[swift-evolution] Pitch: Partial Implementations

Pranshu Goyal pranshu.goyal at novanet.net
Fri Mar 24 06:09:26 CDT 2017

I agree with Haravikk, enabling stored properties in extension will lead to
abuse of the feature, and people will start putting any and everything
while modeling classes retroactively, rather than think about the real
meaning and purpose of extensions which is to provide extended
functionality or convenience methods on objects without change in its basic

If someone wishes to really make an object which has added properties they
should look into subclassing rather than extending.

On 24 March 2017 at 15:20, Haravikk via swift-evolution <
swift-evolution at swift.org> wrote:

> On 23 Mar 2017, at 21:10, Vladimir.S via swift-evolution <
> swift-evolution at swift.org> wrote:
> On 23.03.2017 21:21, Matthew Johnson via swift-evolution wrote:
> On Mar 23, 2017, at 1:12 PM, Charles Srstka via swift-evolution
> <swift-evolution at swift.org> wrote:
> In current Swift, a pattern has emerged among some developers, in
> order to logically group parts of a class or struct’s declaration,
> particularly around protocols:
> >> ...
> What do you think?
> If we wanted to allow code like this to be written we wouldn’t need a
> new keyword to do it.  You are proposing two things here:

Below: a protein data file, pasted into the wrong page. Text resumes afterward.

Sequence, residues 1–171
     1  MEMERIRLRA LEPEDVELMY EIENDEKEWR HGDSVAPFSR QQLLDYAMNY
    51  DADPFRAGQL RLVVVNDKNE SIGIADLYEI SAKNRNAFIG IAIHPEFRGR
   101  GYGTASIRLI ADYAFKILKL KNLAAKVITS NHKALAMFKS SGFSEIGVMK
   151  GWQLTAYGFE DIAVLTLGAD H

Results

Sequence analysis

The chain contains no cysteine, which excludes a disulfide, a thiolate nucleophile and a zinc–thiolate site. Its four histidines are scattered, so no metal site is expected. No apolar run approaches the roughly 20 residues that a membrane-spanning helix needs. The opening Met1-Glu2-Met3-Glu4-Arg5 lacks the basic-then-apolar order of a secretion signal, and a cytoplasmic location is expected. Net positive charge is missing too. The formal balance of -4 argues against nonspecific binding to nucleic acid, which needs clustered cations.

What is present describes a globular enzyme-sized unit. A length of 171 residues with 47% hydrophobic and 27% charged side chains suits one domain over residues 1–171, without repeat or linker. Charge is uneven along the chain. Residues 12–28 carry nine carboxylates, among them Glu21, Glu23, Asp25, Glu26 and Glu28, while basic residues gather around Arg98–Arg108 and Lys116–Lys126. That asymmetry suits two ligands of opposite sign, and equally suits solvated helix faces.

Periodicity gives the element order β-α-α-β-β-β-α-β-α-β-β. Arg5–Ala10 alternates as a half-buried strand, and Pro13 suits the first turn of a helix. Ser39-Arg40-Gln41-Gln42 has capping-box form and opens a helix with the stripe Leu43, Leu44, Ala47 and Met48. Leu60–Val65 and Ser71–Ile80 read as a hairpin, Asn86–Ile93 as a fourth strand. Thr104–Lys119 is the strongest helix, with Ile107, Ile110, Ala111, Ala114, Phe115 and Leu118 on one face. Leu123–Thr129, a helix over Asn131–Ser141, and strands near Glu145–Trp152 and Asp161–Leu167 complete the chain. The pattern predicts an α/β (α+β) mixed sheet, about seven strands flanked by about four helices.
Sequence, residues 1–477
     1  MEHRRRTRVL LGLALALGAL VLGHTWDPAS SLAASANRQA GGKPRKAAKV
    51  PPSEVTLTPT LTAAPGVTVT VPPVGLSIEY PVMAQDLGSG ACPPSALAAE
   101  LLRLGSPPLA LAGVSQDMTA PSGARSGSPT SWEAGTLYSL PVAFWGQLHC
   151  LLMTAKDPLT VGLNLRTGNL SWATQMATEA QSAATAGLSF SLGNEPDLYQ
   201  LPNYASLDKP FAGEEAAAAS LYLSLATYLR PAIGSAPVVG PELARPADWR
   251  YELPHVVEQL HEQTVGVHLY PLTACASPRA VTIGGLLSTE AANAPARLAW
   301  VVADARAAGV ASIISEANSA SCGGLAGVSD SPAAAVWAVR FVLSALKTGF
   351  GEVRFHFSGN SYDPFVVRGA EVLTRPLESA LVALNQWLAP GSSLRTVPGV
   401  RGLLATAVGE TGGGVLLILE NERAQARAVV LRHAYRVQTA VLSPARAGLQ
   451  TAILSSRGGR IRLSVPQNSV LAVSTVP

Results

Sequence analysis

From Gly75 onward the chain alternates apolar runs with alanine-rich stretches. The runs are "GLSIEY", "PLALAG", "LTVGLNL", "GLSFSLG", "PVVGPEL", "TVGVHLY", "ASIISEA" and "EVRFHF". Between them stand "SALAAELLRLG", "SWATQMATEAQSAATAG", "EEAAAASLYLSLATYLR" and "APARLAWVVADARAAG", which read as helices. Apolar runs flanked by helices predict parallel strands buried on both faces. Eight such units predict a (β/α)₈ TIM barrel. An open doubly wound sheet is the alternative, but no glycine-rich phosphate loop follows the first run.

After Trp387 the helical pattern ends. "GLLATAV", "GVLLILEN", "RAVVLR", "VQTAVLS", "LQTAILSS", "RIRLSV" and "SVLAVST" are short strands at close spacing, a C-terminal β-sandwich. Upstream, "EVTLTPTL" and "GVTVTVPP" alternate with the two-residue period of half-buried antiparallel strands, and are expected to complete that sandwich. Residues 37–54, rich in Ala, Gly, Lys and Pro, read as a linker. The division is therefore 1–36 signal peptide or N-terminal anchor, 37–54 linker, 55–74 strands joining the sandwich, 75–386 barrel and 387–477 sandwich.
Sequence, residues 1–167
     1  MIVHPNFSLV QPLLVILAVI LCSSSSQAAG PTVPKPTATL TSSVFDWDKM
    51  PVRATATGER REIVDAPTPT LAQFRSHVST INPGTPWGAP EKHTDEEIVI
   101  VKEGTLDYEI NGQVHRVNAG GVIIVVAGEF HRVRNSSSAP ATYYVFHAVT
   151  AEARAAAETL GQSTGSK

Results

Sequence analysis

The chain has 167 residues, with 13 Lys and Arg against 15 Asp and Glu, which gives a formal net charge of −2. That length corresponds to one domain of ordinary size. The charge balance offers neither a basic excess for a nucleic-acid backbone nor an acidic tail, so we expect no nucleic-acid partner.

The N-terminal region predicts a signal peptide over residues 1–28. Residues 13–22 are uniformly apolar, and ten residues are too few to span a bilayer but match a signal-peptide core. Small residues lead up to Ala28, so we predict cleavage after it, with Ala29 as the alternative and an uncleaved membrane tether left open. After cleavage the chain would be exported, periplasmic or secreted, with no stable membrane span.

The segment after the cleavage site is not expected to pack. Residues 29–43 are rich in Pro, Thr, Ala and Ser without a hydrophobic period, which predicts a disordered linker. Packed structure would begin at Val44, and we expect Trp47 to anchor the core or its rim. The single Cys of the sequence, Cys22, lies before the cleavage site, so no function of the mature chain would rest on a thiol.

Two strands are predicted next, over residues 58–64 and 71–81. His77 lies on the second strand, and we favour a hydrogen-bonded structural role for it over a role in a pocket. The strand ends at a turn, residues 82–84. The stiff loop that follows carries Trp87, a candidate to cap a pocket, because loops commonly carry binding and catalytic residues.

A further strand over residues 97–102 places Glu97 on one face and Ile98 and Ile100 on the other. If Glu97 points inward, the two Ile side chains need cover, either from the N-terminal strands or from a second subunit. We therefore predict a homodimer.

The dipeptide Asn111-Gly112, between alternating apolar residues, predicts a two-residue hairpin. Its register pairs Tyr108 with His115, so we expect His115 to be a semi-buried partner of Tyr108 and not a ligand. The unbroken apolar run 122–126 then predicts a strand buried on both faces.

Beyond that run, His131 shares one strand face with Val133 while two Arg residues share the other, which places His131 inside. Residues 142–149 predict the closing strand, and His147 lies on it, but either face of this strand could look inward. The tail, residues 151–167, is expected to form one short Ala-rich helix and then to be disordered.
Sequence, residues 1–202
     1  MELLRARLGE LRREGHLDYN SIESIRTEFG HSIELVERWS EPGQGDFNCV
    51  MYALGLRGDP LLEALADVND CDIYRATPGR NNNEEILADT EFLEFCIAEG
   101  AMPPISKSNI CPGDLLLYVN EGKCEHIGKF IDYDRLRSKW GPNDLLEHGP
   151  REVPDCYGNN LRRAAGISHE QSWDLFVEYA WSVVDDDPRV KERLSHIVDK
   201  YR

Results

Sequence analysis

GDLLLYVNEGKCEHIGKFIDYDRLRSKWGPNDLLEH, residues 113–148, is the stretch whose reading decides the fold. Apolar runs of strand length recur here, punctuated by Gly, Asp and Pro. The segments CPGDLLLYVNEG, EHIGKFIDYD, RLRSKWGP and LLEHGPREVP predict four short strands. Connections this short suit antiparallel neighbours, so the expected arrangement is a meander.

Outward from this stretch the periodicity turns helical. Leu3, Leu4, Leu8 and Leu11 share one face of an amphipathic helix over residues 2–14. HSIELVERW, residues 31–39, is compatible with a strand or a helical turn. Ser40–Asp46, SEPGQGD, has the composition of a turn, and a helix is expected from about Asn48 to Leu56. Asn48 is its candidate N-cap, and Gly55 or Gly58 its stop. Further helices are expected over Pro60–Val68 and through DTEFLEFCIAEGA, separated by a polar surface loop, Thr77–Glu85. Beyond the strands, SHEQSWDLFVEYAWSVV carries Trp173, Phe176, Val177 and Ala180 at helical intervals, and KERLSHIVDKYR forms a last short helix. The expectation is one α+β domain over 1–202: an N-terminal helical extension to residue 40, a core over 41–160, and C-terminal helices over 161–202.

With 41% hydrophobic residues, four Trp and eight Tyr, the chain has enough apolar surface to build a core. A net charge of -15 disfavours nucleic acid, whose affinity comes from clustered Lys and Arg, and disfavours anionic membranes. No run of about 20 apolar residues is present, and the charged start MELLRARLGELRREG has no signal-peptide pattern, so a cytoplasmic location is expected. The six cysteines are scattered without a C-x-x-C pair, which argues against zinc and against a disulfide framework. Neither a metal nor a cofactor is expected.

> 1) Allow stored properties in same-module extensions.  This has been
> discussed in the past and is a possibility, but I suspect it is not in
> scope for consideration during Swift 4.
> Are we really expect to have stored properties in same-module extensions?
> As I remember, there a lot of questions were raised during discussions so
> for some reason *I* had a feeling that we should not expect this happens in
> near feature. Probably I missed something.
> I can see why some people might want to do stored properties in extensions
> to structure things, but personally I quite like the lack of flexibility as
> it encourages the initial type declaration to focus on what a type
> *contains*, while extensions focus on what it *does*. I've really taken
> to that style, as I now almost never declare methods or computed properties
> in an initial type declaration, unless it's a very simple one; instead
> doing all my methods and protocol conformances in their own extensions.
> i.e- I quite like that by the time you've finished your type declaration
> you have finalised what its size will be, and nothing else can change that,
> spreading it out feels like it could make that more confusing. It also IMO
> helps to encourage you to keep a type's contents fairly simple, as you can
> see in one place if you've made it very complicated.
> I suppose there's an argument for having the freedom to do it however you
> want, but I don't think spreading out across a module is a good idea;
> unless we're assuming that module in this context applies like in other
> proposals, where fileprivate is a "module" with only one file.
> I dunno, I just think that as a pattern the current requirement to keep
> stored properties within a type declaration enforces some good practices. I
> found it a bit jarring at first too, but after adapting to the type +
> extensions style I find I actually really like doing things that way.
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*Pranshu Goyal*
*iOS Developer*
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